Know Your Triggers

Annette Presley
Annette Presley, your personal nutrition coach, author, and speaker helping you live your life well.
Diet

Jan 18,2018

There are three components of a habit, the thing that triggers the habit, the routine that results from the trigger, and then the reward you get from the routine. In his book, The Power of Habit, Charles Duhigg describes these three stages as the habit loop. It’s like a broken record that just plays over and over and over again and again.

What triggers a habit varies from individual to individual, but if you can recognize the triggers, then you can change the outcome. The H plus five W’s can help you find your triggers.

·      How – How you eat matters. Do you eat on the run, skip meals, or feel compelled to finish everything on your plate? Look for any eating behavior that prevents you from sitting down, chewing slowly, eating mindfully, or eating according to your plan. Eating while watching TV, for example, makes it difficult to eat mindfully. Your eyes are on the screen rather than the hand that repetitively moves from the chip bag to your mouth. Skipping meals is not a bad thing in and of itself, but if it causes you to pig out on junk food mid-morning, it’s a problem. Pay attention to how you are eating.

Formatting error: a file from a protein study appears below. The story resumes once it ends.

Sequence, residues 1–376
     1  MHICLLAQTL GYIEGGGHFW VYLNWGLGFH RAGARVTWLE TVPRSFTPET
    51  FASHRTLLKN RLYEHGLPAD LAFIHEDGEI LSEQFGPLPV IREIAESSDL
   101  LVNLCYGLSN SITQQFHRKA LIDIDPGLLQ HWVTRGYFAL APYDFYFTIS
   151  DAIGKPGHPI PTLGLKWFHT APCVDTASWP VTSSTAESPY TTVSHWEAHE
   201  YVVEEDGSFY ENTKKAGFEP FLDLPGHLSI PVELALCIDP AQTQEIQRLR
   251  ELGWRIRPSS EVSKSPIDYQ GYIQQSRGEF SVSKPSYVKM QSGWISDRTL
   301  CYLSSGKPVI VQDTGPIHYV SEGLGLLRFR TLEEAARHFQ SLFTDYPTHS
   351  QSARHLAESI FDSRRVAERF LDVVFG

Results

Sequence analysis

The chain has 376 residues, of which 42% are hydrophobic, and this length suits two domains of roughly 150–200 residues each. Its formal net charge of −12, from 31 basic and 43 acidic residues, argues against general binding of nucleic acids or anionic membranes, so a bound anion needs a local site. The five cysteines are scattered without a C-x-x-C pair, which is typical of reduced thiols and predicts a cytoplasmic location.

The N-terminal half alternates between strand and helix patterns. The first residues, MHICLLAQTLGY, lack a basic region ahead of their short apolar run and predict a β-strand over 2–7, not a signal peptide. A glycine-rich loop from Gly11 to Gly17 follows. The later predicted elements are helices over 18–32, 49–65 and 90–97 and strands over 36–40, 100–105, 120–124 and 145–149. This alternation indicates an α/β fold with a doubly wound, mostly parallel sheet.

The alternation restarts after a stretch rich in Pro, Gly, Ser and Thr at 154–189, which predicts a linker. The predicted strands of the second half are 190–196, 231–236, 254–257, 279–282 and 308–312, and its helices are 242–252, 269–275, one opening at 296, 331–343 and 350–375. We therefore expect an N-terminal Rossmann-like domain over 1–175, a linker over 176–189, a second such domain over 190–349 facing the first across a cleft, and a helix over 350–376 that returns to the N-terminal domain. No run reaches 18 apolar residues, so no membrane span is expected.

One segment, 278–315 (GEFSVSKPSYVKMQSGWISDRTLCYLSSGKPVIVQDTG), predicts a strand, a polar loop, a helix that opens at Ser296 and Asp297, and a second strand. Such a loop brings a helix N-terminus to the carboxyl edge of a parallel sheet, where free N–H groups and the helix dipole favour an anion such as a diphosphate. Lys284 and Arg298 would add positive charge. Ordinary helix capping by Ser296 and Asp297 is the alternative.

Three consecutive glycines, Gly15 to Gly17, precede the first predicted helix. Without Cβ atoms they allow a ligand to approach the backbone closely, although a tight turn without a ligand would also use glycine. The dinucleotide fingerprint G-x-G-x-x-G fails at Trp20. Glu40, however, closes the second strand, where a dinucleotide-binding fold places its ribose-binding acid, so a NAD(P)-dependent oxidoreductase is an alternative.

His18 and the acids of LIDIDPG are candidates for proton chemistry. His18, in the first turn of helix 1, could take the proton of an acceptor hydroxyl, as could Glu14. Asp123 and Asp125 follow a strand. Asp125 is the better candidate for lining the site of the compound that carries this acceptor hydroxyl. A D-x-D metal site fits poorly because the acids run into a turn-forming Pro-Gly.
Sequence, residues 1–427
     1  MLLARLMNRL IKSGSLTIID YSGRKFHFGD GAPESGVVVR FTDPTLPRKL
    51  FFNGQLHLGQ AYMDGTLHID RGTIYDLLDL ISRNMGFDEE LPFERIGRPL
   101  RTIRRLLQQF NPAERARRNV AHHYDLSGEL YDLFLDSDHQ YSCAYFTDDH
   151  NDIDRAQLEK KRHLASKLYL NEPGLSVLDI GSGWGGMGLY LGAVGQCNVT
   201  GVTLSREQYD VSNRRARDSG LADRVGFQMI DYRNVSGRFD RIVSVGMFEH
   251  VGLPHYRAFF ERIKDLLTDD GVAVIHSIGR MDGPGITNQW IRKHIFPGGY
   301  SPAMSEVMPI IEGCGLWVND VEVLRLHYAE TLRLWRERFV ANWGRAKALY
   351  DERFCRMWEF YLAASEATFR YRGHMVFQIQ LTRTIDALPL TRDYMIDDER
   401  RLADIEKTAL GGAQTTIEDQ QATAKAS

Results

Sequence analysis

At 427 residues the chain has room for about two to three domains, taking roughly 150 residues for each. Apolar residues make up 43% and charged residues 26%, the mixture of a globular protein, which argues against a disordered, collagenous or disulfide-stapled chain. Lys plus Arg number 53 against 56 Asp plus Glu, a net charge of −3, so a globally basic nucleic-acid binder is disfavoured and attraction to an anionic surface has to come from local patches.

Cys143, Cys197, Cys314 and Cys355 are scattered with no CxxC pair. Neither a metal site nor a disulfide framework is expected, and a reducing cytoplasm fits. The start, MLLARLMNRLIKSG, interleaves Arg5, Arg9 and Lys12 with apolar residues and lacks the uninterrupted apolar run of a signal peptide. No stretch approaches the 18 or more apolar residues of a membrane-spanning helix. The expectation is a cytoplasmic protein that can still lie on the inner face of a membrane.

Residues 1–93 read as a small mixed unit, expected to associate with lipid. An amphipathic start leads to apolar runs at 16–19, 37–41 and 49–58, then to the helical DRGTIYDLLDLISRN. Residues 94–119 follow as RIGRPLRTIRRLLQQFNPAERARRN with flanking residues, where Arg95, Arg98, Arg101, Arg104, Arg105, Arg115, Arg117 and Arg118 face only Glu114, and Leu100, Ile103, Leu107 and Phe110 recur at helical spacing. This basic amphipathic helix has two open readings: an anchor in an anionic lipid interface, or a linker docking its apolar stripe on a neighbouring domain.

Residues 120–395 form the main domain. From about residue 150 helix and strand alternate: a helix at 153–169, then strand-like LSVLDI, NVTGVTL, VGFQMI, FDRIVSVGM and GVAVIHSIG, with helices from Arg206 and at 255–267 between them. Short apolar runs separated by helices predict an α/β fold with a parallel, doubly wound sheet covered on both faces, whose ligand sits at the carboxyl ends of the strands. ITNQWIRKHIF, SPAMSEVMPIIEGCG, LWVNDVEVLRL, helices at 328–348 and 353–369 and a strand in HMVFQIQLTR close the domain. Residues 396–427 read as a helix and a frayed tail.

·      What – What are the foods that, if you take one bite, you can’t stop eating? Some foods trigger continued eating, even when you aren’t hungry or when your stomach is full. We tend to crave certain tastes and textures. Do you crave creamy or crunchy foods, salty or sweet foods, or a combination? Pay attention to what you are eating.

·      When – What time of day do you tend to indulge in extra calories? Are you always looking for a treat at 2 pm? Do you eat right before bedtime? Pay attention to when you eat.

·      Where – Do you pig out at parties or potlucks, grab the cinnamon rolls at every meeting, eat in the car, or eat most meals out? Pay attention to where you are eating.

·      Who – Do you tend to overeat when you are with family, clients, friends, or co-workers? Some of you may have friends and family that make it difficult to stick to a healthy eating plan, so pay attention to who you eat with.

·      Why – Hunger should be your cue to eat and satiety should be your cue to stop eating, but many times our emotions sabotage our best laid plans. Do you tend to eat when you feel rejected, bored, or depressed? Pay attention to why you are eating.

Knowing your triggers will help you build better habits, so pay attention to what you are eating, what you are doing, how you feel, who you are with, and what time it is when you put your hand in the cookie jar. 

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